With the vocals of Chris Cornell, the synths of the Starland Vocal Band and a composition style the like of Yes, pianist, composer and multi-instrumentalist Mark Costoso’s style could be seen as a mixed back to say the least, especially when you throw in his jazz background. It’s an interesting way in which Cos deigns to mix all these styles; progressive rock, adult contempo and electronica don’t always make the best of bedfellows. With his third album, Grace, however, Cos seems to have found his stride.
It seems to have been a significant learning curve for Costoso, a lifelong musician who began studying jazz piano at age 13, to get to that unique blend of sound. A clear progressive and hard rock fan from his first album, 2002’s The Turning Around. With a heavy influence from the likes of Kansas, Yes and Utopia’s Todd Rundgren, this album was almost all rock, with only a few peeks of piano or keys.
Once the first solo album was out for Costoso, he worked on other projects but in 2016 decided that working with bands was more frustrating than rewarding and took on solo producing with even more gusto, releasing the semi-self-titled Cos in September of that year. Now lit up even more with his virtuosic piano style, Costosos’s style became much more jazz-focused and melodic. Tracks like “Mountain or Rope” are so jazzy and fluid, in fact, they could be mistaken for Steely Dan or Michael McDonald. This style clearly suits Costoso, but it’s just as clearly not the whole story.
Cos seemed to be a bit of a turning point for Costoso, as it not only contained a wider range of styles but brought out his experimental side. He didn’t have to be just one thing, and the experimental itch was certainly there in this second album, as well as the first lashings of electronic production. Now with Grace, released in late 2021, it seems Costoso has found a way to merge all his musical loves.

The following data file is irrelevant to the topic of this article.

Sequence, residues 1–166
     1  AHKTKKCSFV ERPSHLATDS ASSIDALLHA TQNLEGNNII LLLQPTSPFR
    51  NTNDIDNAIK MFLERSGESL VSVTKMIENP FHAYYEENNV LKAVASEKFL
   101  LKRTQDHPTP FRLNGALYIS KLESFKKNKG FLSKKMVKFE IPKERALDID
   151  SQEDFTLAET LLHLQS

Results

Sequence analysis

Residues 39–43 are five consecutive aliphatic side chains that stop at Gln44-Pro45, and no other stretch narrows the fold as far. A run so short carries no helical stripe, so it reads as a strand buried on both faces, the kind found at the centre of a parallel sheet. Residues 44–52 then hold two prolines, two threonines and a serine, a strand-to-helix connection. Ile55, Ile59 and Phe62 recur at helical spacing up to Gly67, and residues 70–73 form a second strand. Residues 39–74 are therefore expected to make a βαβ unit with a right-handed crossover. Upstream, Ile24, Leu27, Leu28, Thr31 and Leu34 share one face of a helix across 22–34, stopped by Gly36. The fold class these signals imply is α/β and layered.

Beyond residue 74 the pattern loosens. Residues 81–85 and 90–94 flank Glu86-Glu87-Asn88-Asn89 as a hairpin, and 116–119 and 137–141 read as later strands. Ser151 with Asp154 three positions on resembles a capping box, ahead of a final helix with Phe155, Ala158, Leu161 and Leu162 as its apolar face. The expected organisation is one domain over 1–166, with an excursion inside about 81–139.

From the first bars of the nine-minute epic opening track “The Greatest Gift,” it’s clear Cos has fund a way to lay all his compositions in the right place. Anchored in his first love progressive rock, Grace explores jazz, rock, theatrical production, loads of different types of synths and electronica, both in the sound design and the foregrounds of each track. With “The Greatest Gift” containing clear nods to the likes of Jethro Tull and Yes, second track is a merging of 80s synth pop and these progressive greats via layers and layers of creative vintage synth work.
From the all-piano title track and more experiments in merging 60s and 70s prog rock with 80s new wave, Grace moves surprisingly into modern-era progressive metal/nu metal with all its lush production and intensity with the Resurrection series of tracks. With an intense vocal contribution by an unknown female vocalist, fans of Evanessence especially will enjoy these tracks.
Another big change worth noting that makes a big difference in Grace is Costoso’s vocals. He seems to have found a texture and timbre that works for him in this album, going more raspy and soft in most of the tracks rather than belting everything to the rafters. The effect is more of a connection between the music and the vocal melody, as well as a more emotive effect for the audience. This is handy in ballad-style tracks like “Gina,” or jazzy numbers like “Salt Hay” where Costoso’s voice takes on a sort of Van Halen-era David Lee Roth quality but also in tracks with sharper synths like “Wanderlust,” where a gravely, Peter Gabriel or Chris Cornell-style vocal brings a nice contrasting texture to the sound. It’s composition decisions like this which make Grace stand apart as a progression from Cos’s previous albums.
With his style clearly still evolving, Grace seems to be the release where Costoso as Cos has really found his sound, especially compositionally. Putting together jazz, prog rock, electronica and more has got to be one tough balancing act, but in this seminal album, it seems Cos is now walking that tightrope with ease.
This article was first published on Your EDM. Source: New Artist Spotlight: Jazz Pianist Mark ‘Cos’ Tries His Hand at Progressive Rock/Electronica Fusion